Blood ties

Despite all the periodic hiccups, the ties between Sri Lanka and India have been inked in the blood of the peoples and soldiers of both countries

It is ironic that the only memorial to the 1,100 or so soldiers of the Indian Peace-Keeping Force (IPKF) who fell in battle against the Liberation Tigers of Tamil Eelam (LTTE) is located in Colombo.

There, not too far from Sri Lanka’s beautiful Parliament building, is inscribed the names of all the officers and jawans who died as a result of former Prime Minister Rajiv Gandhi’s impetuous misadventure which earned him no brownie points at home or gratitude in Sri Lanka. Yet, despite the political controversies that surround the Indo-Sri Lanka Accord of July 1987, what is heartening is that the soldiers who gave their lives for an objective they knew little about have been honoured by Colombo, despite New Delhi’s reluctance to remember those dreadful three years.
The memorial underscores the fact that despite all the periodic hiccups, the relationship of Sri Lanka and India has been inked in the blood of the peoples and soldiers of both countries.
It is pertinent to remember this at a time when dark clouds are once again hovering over bilateral relations. And it is also important to remember that at the heart of the emerging dispute over “autonomy” or “devolution” of powers to the minority Tamil community is a clause that was injected into the Sri Lanka Constitution by the Rajiv Gandhi-J.R. Jayawardene Accord 26 years ago.
The 13th Amendment to the Sri Lanka Constitution had three features. First, Tamil was given official language status; secondly, the Northern and Eastern Provinces that Tamil nationalists regard as their traditional homeland were merged; and finally, despite the unitary Constitution, it was proposed to establish provincial councils — much like India’s state governments — throughout the small island. The 13th Amendment was not really the brainchild of Indian officials who imagined they were remote controlling the Tamil upsurge from Delhi’s South Block. It encapsulated most of the earlier agreements entered between Sri Lanka’s Tamil leadership with Colombo. There was only one difference: The earlier attempts at reconciliation between the Tamils and the majority Sinhalese had been derailed by competitive populism on both sides. With India’s insistence, the 13th Amendment was enshrined in the Constitution.
After two decades and despite a bloody civil war, some of the features of the 13th Amendment have become institutionalised. Today, after the disastrous experiment with a “Sinhala only” language policy, the island has set in motion a pragmatic three-language formula that makes it obligatory for all Sri Lankans to be conversant in Sinhala, Tamil and English. In other words, the groundwork for all the communities to converse with each other, rather than talk at each other, has been laid.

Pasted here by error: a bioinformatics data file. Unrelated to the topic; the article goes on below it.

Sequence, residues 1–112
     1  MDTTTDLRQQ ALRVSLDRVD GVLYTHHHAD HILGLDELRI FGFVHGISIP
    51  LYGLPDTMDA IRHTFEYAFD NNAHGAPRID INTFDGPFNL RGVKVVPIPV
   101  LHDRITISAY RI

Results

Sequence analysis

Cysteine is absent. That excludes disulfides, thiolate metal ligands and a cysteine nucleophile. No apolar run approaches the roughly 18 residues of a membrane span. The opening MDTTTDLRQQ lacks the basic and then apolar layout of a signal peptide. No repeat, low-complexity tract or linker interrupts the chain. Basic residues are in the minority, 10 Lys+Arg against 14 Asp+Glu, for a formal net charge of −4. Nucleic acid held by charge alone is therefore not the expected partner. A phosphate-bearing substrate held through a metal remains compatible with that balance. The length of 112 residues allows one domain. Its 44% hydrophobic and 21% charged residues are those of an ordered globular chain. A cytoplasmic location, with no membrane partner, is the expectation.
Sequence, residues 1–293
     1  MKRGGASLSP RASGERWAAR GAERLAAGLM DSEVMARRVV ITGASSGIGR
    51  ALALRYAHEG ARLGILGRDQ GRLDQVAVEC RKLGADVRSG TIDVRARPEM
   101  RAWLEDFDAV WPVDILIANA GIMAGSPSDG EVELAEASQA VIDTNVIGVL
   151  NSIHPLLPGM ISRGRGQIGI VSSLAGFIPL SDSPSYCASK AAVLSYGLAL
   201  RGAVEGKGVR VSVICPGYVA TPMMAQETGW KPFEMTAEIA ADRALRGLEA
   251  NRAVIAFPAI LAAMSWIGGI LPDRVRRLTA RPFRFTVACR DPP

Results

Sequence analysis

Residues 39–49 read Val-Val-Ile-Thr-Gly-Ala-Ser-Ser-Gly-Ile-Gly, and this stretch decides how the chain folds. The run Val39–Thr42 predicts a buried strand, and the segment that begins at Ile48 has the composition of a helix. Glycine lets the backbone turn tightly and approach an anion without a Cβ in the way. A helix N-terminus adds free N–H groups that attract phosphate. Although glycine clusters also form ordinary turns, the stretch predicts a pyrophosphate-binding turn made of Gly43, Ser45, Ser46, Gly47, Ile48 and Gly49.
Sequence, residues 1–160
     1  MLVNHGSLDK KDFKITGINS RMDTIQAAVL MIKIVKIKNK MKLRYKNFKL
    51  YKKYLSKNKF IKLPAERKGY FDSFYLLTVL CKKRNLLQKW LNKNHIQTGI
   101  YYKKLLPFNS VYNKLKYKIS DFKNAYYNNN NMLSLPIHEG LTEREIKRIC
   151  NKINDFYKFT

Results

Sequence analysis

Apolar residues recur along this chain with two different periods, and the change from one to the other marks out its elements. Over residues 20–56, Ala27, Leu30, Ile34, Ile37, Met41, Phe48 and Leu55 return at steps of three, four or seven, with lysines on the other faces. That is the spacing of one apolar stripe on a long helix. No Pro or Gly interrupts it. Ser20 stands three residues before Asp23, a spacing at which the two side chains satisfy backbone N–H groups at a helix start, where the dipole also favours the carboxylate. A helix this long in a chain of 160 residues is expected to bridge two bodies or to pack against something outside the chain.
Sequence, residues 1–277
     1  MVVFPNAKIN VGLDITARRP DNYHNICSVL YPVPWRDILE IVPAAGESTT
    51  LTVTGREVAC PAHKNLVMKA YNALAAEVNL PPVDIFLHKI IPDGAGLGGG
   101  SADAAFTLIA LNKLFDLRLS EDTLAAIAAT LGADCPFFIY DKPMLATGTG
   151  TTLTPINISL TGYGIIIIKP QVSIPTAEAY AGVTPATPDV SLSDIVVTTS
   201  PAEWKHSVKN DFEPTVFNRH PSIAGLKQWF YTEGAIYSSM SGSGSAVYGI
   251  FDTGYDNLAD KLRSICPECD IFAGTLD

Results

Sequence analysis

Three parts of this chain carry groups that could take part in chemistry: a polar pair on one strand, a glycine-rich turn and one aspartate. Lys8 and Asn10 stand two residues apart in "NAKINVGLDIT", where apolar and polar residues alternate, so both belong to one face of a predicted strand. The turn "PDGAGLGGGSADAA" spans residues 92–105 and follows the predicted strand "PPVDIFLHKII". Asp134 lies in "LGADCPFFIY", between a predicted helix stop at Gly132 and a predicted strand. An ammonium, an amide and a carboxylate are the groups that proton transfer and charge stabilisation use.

This is not to say that Sinhala and Tamil chauvinism are dead. Despite the decimation of the LTTE and the Marxist-chauvinist Janatha Vimukthi Peramuna (JVP), there is still an inclination among some people to talk in terms of exclusivist nationhood. But in political terms, there is a greater appreciation of the fact that the island cannot afford another bout of 30-year bloodletting. The goal of greater prosperity makes peaceful coexistence and accommodation imperative.
That is why the Supreme Court decision striking down the merger of the Northern and Eastern Provinces wasn’t a devastating blow to ethnic harmony. The Eastern Province is ethnically mixed with large populations of Tamils, Sinhalese and Muslims. Tamils may have constituted the majority in the distant past but today’s reality is different. And although Tamil nationalists still nurture a grievance over state-sponsored Sinhalese colonisation, the demographic pattern of today is irreversible.
Indeed, the politics of the Eastern Province is a pointer to why the provincial council experiment can actually be a great healer. The provincial election led to a fractured verdict and today, it is the Muslim community which holds the balance of power. Like the Sinhalese, Sri Lanka’s Muslims were targeted by the LTTE. Yet, the community has cultural links with both the Tamils and the Sinhalese, and wielding local power for the first time, this community is loath to abandon devolution for a return to centralised rule.
The Tamils are in an overwhelming majority in the Northern Province which includes the Jaffna peninsula. Owing to the civil war, no elections to the provincial council have been possible, and the first one is scheduled for September. In principle, the schedule poses no problems but Tamil politicians are insisting that the Northern Province be given additional control over land and law and order. The 13th Amendment does stipulate these powers but they have been kept in abeyance for all the provincial councils. Making an exception and giving the Northern Province something akin to India’s Article 370 for Jammu and Kashmir may be a way out but it carries the risk of triggering a Buddhist-Sinhalese backlash. A more pragmatic way would be for elections to be held and for Tamil politicians to secure a stake in the political system. Of course, this won’t happen if President Mahinda Rajapaksa tinkers with the Constitution at this late stage and prompts a needless boycott call by the powerful Tamil National Alliance.
What is needed for the whole of Sri Lanka to be reassured that the roots of Eelam secession have been well and truly uprooted. Only then can a more dispassionate debate about the future of political devolution take place. That is something Indian diplomacy should keep in mind as it prepares to flex its muscles in Colombo. For purely domestic reasons India can’t afford to be partial towards only one community.

The writer is a senior journalist

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